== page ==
When working with sensory kids and their families, one of the number one questions that is asked is—is this a sensory meltdown or a tantrum? It’s often hard to tell the difference between the two, and takes some detective work to figure out which one it is. Determining if a sensory meltdown is occurring is especially difficult because sensory thresholds for these children can vary day to day. So often we hear, “Is it sensory or a behavior” that is causing an action in a child. Here are the clues to help you discern the difference.
For more information on sensory processing, you’ll want to grab our free sensory processing disorder information packet. This is a handy printable designed to better understand SPD and what that looks like in our kids.
Behaviors of Sensory Meltdowns and Tantrums Look Similar
The challenge in determining whether behaviors are the result of a sensory meltdown or a tantrum, is that the child’s behaviors in both instances, are usually the same.
Behaviors that are observed during both a sensory meltdown and a tantrum may include:
• Name calling
• Hiding or avoidance
The difference between a meltdown and tantrum however, can be often times, be found in the events prior to the behaviors.
For information on sensory play ideas, you’ll find a lot here on The OT Toolbox.
Tantrums are usually in response to the child not receiving a want/desire out of a situation, or not achieving a goal as they had planned. In these instances behaviors typically occur for an audience, and may cease when the child has achieved their goal. This may be a way of testing boundaries with the authority figure in the situation.
Tantrums can usually be resolved with consequences, reminders of the boundaries, removal from the situation, or distraction to the upset child. Children are also not typically emotionally drained after a tantrum and can resume their routine with ease. This is not necessarily the case when a sensory meltdown occurs.
Sensory Meltdowns are the result of sensory overload, and reaction to the big feelings that overloads cause.
When in the throes of the sensory meltdown, the child is not able to control their reactions, behaviors, or emotions. These episodes may also leave the child inconsolable, even when distraction or preferred items are offered, or even when the parent ‘gives’ into what the child is demanding.
Meltdowns may appear happen without a trigger, or may be in response to an event that seems otherwise innocuous to the parent.
The main clue that the behaviors the child is exhibiting is sensory meltdown related is that the behavior does not achieve a want, need or goal.
In the case of a sensory meltdown, having a set of strategies available through use of a sensory diet can help with sensory overload, big feelings, and reactions.
Clues a Behavior is a Sensory Meltdown
• Reaction to event, feeling or overload of sensory input
• Is not to achieve a want, need, or goal
• Continues even without an audience
• Ends only when the child has calmed down and the feelings are out
• The child is very tired after the meltdown or appears ‘spent’
• The child may feel embarrassment or shame as a result of their actions—typically this is seen in older children.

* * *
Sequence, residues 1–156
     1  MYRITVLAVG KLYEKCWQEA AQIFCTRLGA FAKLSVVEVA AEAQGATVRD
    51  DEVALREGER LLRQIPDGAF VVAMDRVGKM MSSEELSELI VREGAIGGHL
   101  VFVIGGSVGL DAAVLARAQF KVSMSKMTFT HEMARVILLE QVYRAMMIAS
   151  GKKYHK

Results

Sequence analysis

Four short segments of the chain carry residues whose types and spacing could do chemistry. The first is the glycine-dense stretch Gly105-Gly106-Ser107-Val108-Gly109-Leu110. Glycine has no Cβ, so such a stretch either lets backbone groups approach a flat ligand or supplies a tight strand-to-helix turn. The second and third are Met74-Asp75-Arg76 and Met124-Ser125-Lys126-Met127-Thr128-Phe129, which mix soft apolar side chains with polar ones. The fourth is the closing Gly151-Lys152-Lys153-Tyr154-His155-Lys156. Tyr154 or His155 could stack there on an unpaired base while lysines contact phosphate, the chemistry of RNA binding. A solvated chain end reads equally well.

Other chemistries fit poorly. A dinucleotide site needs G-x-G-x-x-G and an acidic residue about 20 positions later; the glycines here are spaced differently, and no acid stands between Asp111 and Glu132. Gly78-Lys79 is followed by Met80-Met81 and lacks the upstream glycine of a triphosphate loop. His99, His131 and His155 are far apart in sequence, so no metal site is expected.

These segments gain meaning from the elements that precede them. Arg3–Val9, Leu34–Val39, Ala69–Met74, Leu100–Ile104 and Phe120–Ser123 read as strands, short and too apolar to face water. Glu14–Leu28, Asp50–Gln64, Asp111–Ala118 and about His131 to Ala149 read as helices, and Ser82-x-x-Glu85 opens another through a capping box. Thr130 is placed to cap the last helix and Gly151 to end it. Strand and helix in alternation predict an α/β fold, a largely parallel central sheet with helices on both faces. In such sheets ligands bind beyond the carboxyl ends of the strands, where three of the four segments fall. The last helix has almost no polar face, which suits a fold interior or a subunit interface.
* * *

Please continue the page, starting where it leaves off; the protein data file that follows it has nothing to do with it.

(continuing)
These signs can show up at home, in the community, or in the classroom. Here are strategies for using a sensory diet in the classroom.
What can Trigger a Sensory Meltdown?
Sometimes, we can see a meltdown coming, and other times it seems to hit out of the blue. This is particularly true of children who are a little bit older, and understand what is acceptable and what is not. Because of this, parent’s often report that their children do GREAT at school, and then lose it at home.
Some clues that it might be a meltdown include:
• Being over tired or hungry
• Illness or general unwellness—allergies can be a trigger to this sense of general unwellness. This may include food allergies or sensitivities.
• “Holding it together” for long periods of time—going to school, camp, play dates, etc.
• Change in routines—extra day off of school, vacation, or parent traveling. Essentially, anything outside of the child’s daily routine being off may result in a sensory overload and meltdown.
It may take several hours, or several days before a meltdown occurs as a result of these triggers. As a result, it can appear as though there is no cause for the meltdown until the events prior to the event are examined. If you go back far enough into the past few days, a trigger is usually able to be found.
Whether it’s a tantrum, or a meltdown, behavior is a direct form of communication from kids to adults about what is going on in their life. Knowing the difference between the two can lead to recognition of triggers and patterns, implementation of prevention strategies and successful emotional recovery in both situations.
Tools for Sensory Meltdowns
The Sensory Lifestyle Handbook is a guidebook in strategies to help with sensory meltdowns. Taking the specific and individualized activities that make up a Sensory Diet and transitioning them into a lifestyle of sensory modifications, strategies, and techniques is a Sensory Lifestyle!
This book is for therapists, parents, teachers, or anyone who works with kids with sensory needs.
If you struggle with creating a sensory diet that WORKS…
If you are tired of trying sensory tools that just don’t seem to fit within a child’s busy day…
If you are overwhelmed and don’t know where to start with understanding sensory processing…
If you are a therapist struggling to set up sensory programs that are carried out and followed through at home and in the classroom…
If you are a teacher looking for help with regulation, attention, or sensory meltdowns and need ideas that mesh within the classroom schedule…
If you are looking for sensory techniques that kids WANT to use…
If you are striving to create a sensory lifestyle that meets the needs of a child and family…
The Sensory Lifestyle Handbook is for you!